Obesity generally has been defined as an accumulation of fat (adipose tissue) beyond what is considered normal for a person’s age, sex, and body type. Historically, nutritionists have defined overweight as being between 1 and 19 percent above one’s ideal weight, based on the height-weight tables. A person who slipped over 19 was labeled obese. In an attempt to clarify the concept of obesity even further, experts labeled people who were 20 to 40 percent above their ideal weight as mildly obese (90 percent of the obese fit into this category). Those 41 to 99 percent above their ideal weight have been described as moderately obese (about 9 percent-10 percent of the obese), and those who are 100 percent or more above their ideal weight are identified as severely, morbidly, or grossly overweight (about 1 percent of the obese). Even the terminology (e.g., gross obesity) speaks volumes about the way society views this group of individuals.
The difficulty with defining obesity lies in determining what is normal. To date, there are no universally accepted standards for the most “desirable” or “ideal” body weight or body composition (the ratio of lean body mass to fat body mass). While sources vary slightly, men’s bodies should contain between 11 and 15 percent total body fat and women should be within the range of 18 to 22 percent body fat. At various ages and stages of life, these ranges also vary, but generally, when men exceed 20 percent body fat and women exceed 30 percent body fat, they have slipped into obesity.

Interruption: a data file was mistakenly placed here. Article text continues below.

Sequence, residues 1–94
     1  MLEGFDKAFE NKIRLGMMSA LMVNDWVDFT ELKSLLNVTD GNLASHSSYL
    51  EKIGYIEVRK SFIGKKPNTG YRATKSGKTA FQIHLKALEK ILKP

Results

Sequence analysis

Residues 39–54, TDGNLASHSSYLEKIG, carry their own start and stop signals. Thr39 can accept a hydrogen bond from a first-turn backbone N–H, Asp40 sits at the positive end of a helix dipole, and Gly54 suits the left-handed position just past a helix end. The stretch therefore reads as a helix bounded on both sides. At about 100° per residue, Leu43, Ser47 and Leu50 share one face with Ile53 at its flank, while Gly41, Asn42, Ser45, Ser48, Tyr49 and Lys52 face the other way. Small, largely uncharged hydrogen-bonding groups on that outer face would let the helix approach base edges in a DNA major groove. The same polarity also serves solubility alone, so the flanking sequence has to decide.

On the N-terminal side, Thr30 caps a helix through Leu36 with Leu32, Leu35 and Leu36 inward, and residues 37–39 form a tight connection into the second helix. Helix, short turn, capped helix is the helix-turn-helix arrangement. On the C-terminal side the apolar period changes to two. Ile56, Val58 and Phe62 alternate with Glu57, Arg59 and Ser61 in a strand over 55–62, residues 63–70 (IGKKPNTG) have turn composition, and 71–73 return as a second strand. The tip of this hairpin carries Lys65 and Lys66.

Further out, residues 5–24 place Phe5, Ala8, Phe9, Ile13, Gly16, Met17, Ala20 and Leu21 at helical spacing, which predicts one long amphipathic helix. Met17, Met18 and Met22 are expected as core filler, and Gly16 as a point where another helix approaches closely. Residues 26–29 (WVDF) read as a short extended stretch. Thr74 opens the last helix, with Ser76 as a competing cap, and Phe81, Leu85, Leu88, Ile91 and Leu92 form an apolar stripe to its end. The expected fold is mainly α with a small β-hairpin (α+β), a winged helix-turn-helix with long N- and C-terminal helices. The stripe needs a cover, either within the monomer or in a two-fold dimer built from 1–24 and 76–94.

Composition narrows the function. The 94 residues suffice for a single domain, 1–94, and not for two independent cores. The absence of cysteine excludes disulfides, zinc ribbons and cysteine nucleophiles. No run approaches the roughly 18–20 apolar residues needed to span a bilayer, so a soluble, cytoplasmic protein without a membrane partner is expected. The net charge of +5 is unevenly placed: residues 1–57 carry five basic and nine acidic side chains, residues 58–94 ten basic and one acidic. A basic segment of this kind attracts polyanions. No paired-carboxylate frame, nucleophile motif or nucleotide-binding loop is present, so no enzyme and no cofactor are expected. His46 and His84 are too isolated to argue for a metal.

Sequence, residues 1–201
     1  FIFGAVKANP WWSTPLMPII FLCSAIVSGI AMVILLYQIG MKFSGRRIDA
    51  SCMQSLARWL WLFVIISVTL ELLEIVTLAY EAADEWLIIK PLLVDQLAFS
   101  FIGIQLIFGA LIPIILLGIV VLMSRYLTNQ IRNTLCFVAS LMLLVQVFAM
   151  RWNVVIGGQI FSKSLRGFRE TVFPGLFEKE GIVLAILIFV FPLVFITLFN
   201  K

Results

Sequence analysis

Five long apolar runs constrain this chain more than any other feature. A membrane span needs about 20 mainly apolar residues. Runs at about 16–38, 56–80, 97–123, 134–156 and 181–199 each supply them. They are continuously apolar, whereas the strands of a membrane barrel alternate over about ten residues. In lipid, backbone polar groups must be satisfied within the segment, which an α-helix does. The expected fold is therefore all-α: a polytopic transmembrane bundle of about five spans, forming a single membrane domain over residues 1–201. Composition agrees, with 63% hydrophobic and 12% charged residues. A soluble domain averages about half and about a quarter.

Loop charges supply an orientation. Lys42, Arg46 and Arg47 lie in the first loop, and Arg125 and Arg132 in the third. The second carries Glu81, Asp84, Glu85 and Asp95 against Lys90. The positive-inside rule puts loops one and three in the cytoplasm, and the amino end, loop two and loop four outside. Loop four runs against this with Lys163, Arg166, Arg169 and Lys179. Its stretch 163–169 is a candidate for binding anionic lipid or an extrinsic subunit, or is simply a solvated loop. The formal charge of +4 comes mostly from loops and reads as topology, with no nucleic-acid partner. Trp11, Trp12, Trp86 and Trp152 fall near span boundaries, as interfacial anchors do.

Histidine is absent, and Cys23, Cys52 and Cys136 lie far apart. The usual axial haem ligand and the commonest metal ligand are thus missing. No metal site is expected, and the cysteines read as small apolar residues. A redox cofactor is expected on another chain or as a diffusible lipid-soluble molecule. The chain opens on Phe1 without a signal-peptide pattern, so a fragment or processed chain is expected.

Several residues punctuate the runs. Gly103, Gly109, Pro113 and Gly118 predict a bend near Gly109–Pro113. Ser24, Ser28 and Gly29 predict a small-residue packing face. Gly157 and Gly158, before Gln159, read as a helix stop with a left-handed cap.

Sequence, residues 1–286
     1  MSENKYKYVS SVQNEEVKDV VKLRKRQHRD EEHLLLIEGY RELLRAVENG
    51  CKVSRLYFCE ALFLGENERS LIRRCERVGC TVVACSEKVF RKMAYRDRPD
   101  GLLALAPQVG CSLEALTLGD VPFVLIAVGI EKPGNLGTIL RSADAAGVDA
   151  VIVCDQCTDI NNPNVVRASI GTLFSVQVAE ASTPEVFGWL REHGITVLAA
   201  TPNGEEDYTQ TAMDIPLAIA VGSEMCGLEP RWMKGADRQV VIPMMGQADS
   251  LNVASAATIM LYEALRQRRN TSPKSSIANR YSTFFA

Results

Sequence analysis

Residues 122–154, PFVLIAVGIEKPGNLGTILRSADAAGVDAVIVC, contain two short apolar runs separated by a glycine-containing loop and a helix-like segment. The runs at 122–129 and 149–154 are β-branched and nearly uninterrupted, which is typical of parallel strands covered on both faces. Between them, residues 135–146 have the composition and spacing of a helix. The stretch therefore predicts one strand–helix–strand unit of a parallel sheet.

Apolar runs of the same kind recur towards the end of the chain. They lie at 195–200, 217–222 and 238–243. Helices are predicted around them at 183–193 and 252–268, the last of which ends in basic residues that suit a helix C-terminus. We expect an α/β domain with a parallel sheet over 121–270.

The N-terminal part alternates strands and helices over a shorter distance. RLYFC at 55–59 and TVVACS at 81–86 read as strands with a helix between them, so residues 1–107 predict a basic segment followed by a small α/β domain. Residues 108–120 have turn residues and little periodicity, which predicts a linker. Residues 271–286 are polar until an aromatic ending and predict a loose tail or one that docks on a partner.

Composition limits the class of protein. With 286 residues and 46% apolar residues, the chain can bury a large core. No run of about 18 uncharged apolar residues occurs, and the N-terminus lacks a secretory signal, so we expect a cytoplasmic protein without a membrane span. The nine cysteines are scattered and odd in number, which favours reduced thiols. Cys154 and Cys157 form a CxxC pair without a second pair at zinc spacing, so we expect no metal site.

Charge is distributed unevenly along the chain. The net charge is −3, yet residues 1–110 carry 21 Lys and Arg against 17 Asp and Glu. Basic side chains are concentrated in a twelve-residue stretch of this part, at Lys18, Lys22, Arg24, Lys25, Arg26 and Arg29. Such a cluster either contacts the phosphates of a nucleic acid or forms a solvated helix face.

Why the difference between men and women? Much of may be attributed to the normal structure of the female body and to sex hormones. As mentioned earlier, when considering how much or how little fat a person should have, it is important to think of body composition in terms of lean body mass and body fat. Lean body mass is made up of the structural and functional elements in cells, body water, muscle, bones, and other body organs such as the heart, liver, and kidneys. Body fat is composed of two types: essential fat and storage fat. Essential fat is necessary for normal physiological functioning, such as nerve conduction. Essential fat makes up approximately 3 to 7 percent of total body weight in men and approximately 15 percent of total body weight in women. Storage fat, the part that many of us are always trying to shed, makes up the remainder of our fat reserves. It accounts for only a small percentage of total body weight for very lean people and between 5 and 25 percent of body weight of most American adults. Female bodybuilders, who are among the leanest of female athletes, may have body fat percentages ranging from 8 to 13 percent, nearly all of which is essential fat.